Writer’s reply to the letter to the editor:

Our April edition of the River Journal published a letter by Daniel Rush of Irvington, regarding my article about charter schools. I am responding simply to clear up some misinformation.  Mr. Rush claims that we have no “charter schools” in our area, but that is not the case. A charter school is defined as any school that receives government funding but operates independently. Without being involved in their budget meetings, I assume that this includes schools such as Hackley and Transfiguration School, which have to operate within the guidelines of the Department of Education, but are also given the flexibility to teach outside of those guidelines, such as the religious education one might get at a parochial school such as “Transfig.”  I know from having worked in a Jewish school that the school, although operating independently, did have to follow certain guidelines because of oversight by the government.  This included having a minimum amount of school days per year.  Even though much income comes from tuition, government funding is also available to such schools.

Mr. Rush assumes that I don’t approve of Ms. DeVos as Education Secretary (I never said if I do or don’t approve.) and assumes that I don’t approve of her because I don’t approve of charter schools.  My feelings about Ms. DeVos (and no, they are not particularly positive) have to do with her lack of expertise in the area of education, as evidenced by her confirmation hearings.  It would surprise Mr. Rush to know, I’m sure, that through financial aid and scholarship money, I am actually the product of private schools.   Not government vouchers, which is the current argument on the table, but by qualifying for school-based financial aid and scholarship funds.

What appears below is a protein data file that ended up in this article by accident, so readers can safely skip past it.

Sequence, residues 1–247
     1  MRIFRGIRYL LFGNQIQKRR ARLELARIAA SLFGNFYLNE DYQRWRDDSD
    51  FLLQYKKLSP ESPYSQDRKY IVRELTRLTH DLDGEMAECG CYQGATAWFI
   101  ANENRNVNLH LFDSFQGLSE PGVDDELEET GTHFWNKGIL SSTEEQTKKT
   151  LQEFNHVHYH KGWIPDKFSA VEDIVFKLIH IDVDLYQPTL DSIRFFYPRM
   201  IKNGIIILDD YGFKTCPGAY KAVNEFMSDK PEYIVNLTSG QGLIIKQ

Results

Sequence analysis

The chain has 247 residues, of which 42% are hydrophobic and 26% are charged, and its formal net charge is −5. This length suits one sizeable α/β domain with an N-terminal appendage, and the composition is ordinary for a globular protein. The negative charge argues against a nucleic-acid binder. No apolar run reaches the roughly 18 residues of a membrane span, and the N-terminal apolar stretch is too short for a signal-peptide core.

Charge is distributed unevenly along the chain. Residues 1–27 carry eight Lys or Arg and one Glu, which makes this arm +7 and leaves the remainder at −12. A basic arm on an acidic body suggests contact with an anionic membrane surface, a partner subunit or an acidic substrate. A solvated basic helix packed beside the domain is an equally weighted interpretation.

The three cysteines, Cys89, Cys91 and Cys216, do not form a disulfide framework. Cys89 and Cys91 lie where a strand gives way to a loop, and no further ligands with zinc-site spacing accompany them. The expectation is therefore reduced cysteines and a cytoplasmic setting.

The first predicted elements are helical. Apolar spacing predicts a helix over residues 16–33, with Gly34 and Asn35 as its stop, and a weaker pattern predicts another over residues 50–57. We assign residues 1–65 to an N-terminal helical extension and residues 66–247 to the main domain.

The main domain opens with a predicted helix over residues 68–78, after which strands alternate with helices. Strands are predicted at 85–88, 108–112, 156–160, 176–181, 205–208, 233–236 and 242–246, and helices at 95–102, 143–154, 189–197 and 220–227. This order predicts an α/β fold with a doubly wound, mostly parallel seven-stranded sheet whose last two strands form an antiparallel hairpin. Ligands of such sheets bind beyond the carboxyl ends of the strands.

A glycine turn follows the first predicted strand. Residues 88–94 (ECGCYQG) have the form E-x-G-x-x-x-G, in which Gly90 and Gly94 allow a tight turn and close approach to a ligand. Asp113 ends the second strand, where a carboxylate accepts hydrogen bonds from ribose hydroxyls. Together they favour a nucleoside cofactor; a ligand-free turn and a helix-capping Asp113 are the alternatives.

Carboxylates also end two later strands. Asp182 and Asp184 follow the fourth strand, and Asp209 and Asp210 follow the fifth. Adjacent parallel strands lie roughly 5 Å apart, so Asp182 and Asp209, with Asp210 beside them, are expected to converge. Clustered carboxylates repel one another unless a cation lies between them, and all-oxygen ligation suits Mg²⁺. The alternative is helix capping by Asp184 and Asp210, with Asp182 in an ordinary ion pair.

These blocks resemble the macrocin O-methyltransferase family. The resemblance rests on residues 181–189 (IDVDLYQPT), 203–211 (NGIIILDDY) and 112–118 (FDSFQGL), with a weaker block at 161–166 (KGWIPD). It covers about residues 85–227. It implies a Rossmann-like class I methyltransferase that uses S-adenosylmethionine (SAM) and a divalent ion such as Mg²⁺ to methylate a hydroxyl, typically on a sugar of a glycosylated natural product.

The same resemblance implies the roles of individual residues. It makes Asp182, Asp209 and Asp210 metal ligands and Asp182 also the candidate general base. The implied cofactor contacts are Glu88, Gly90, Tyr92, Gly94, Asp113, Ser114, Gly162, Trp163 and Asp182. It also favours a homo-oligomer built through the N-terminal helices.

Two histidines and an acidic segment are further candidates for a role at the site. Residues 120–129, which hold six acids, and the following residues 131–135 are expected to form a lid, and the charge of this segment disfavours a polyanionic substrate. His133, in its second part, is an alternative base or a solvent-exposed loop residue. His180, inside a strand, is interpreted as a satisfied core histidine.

My point in writing the article was to inform readers of the ins and outs of private versus public education, and to put some real numbers out there regarding government voucher programs. Parent choice is a wonderful thing, and there are voucher programs that are wonderful, but we must be realistic about where voucher money will come from when a private school in our area can cost upwards of $20,000.  And that IS an issue for our community.


Barbara Kapetanakes, PsyD.

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About the Author: Barbara Kapetanakes Psy.D.